Jaime and Brienne are finally nice and scrubbed and having dinner with Roose Bolton. Jaime is back to his snotty self, which I'm actually glad to see. It doesn't feel like going back on character development, but rather illustrates how just because we learned some things about him and he warmed up to one person, that doesn't change who he is. Lord Bolton, however, is not one to kowtow, and warns Jaime of "overplaying his position" again. I liked how Brienne, unskilled at politics, almost comes to violence, but Jaime holds her hand down, knowing how to play with Roose.

The Kingslanders are playing wedding musical chairs with Sansa, racing to see who can marry themselves to the north first. Mostly standard stuff, but two scenes stick out to me. Tyrion and Cersei have something to commiserate about for the first time in what feels like a long time. Instead of dancing around each other, Tyrion asks her outright if she tried to have him killed. The two actors are so great together that even though they're a little chilly towards each other as the plot demands, I always want them to have long scenes when they do talk. They also talk about how much they miss Jaime and can't wait for him to get back, which makes you wonder if a lot of their fighting and bickering is a symptom of lacking Jaime, the missing piece of their tight-knight but astoundingly dysfunctional family.

The other scene I liked was Tywin and Olenna talking. There's a lot of scheming, but it's fairly rare for such major players to have a scene together like this: Two of the biggest string pullers on the continent trying to work out marriage pacts such that they both come out ahead. Tywin threatens to appoint Loras to the Kingsguard, effectively disinheriting him from Highgarden. This is exactly what King Aerys did to Jaime twenty years ago. I'm not sure what to take away from that, except maybe that Tywin has a long memory and never fails to take a lesson from defeat. It was a clever touch how just a few minutes ago Jaime was trying to get Roose Bolton to have wine while negotiating, but was turned down, and now Tywin does the same thing with Olenna Tyrell. It's a little touch that shows how although on the surface Jaime is much less like his father than his other siblings, you can see he learned some things from him.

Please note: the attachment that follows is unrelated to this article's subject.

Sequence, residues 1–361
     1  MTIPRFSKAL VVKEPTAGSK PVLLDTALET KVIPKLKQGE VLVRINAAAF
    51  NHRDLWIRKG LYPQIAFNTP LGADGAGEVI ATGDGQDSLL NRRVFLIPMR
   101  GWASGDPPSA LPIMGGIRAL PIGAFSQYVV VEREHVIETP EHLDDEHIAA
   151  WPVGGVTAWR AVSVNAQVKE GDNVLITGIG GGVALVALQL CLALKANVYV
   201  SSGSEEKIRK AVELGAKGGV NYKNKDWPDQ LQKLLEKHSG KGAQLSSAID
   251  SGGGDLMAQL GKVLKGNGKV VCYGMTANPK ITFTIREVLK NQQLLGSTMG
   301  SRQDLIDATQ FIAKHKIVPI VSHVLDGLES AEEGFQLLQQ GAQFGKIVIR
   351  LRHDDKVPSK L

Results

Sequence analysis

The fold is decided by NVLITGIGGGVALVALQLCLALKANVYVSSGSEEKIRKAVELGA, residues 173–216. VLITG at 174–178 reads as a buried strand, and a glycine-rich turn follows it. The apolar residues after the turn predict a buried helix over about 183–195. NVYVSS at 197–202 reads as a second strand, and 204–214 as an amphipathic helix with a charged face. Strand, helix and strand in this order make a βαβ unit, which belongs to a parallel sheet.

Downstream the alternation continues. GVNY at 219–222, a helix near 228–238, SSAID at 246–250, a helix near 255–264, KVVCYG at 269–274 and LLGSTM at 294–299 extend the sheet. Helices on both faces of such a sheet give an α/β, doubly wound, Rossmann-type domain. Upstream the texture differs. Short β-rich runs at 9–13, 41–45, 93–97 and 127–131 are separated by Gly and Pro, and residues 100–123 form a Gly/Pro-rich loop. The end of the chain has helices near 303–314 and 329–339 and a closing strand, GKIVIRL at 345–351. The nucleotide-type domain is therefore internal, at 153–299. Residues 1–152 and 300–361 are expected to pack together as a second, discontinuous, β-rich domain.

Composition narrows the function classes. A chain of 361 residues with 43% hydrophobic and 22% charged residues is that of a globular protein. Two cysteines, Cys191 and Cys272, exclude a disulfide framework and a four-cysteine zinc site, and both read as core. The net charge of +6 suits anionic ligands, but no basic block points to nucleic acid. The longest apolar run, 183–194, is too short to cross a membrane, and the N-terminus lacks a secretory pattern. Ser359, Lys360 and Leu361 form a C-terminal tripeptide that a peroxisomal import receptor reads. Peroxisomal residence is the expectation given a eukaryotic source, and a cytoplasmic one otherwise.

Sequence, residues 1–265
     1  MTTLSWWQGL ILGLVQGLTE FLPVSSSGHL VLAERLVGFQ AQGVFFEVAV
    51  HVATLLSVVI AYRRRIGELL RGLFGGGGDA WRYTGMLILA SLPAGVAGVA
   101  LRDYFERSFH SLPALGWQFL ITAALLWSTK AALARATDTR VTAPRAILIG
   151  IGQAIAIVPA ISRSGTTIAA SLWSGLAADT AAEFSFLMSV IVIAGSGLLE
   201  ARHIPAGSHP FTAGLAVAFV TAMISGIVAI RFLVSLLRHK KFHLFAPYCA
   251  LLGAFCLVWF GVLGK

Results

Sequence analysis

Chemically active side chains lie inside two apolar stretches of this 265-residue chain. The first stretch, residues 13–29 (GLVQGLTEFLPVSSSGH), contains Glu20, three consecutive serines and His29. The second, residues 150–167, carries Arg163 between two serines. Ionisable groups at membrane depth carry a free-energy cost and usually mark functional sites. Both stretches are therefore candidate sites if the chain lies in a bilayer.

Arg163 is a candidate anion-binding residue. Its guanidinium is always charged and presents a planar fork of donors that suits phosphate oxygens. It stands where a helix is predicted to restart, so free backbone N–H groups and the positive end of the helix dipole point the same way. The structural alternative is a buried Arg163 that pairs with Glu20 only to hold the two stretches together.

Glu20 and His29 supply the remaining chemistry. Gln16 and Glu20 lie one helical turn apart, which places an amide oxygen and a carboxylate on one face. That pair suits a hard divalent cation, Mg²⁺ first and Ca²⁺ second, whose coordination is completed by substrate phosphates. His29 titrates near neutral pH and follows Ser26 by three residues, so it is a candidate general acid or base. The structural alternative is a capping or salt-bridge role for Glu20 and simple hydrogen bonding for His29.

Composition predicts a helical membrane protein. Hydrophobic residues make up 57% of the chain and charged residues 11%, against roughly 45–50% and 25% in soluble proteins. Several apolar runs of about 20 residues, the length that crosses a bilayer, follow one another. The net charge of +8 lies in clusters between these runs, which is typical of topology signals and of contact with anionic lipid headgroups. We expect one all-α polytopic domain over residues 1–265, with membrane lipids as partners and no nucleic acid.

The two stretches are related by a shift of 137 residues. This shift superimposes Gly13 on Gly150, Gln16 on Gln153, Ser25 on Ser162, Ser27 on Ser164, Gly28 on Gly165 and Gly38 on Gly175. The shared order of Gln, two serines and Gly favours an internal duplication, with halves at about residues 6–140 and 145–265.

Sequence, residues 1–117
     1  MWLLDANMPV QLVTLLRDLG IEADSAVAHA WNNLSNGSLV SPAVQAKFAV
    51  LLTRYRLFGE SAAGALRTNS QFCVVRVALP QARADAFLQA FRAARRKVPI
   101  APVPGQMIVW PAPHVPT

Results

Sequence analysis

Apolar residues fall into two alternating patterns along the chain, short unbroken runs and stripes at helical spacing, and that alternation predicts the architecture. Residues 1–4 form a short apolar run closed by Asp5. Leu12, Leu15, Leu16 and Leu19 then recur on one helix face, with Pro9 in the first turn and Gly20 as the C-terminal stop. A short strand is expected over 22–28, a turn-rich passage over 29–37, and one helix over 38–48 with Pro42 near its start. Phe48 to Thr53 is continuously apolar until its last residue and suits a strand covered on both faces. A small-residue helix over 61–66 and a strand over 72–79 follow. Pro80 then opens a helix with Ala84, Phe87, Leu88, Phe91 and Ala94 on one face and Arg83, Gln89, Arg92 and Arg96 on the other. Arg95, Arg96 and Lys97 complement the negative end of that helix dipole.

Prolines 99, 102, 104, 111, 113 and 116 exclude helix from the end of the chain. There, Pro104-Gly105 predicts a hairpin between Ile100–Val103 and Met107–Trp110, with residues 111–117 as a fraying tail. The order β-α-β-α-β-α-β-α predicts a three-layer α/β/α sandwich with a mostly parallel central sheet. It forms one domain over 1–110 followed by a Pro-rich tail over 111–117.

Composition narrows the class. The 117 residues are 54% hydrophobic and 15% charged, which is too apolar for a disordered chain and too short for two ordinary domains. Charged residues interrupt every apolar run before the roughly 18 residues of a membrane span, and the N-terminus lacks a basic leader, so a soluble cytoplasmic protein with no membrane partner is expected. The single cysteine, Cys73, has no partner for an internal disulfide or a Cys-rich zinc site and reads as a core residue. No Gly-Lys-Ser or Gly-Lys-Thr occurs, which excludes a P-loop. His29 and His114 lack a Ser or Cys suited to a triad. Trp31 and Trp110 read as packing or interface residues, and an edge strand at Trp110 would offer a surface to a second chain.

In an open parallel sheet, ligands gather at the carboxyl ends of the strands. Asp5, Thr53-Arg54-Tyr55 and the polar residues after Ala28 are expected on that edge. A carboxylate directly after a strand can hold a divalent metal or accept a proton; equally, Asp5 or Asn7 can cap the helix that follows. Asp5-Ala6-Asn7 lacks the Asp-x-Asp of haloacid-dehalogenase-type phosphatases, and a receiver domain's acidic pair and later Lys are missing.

It's weird how lately most episodes will have one really terrible scene that drags the whole thing down. This week it was Ser Loras. He's gay. He's a homosexual attracted to other men. In a show full of unparalleled subtlety, evidently it's really important that he be a flamboyant stereotype. He doesn't care much for marrying Sansa, I get that, but the way he goes on about all the dresses and frilly tunics and medieval formalwear just disgusts me. He's one of the greatest knights in the kingdom, and his personality is very in line with this surroundings and lifestyle, but he just happens to prefer the company of men. I guess such a well-drawn character was too vanilla for the producers. It's an insult that the they assume, Oh he's gay, let's make a caricature out of him. It's an insult to the gay community, and frankly an insult to artful writing.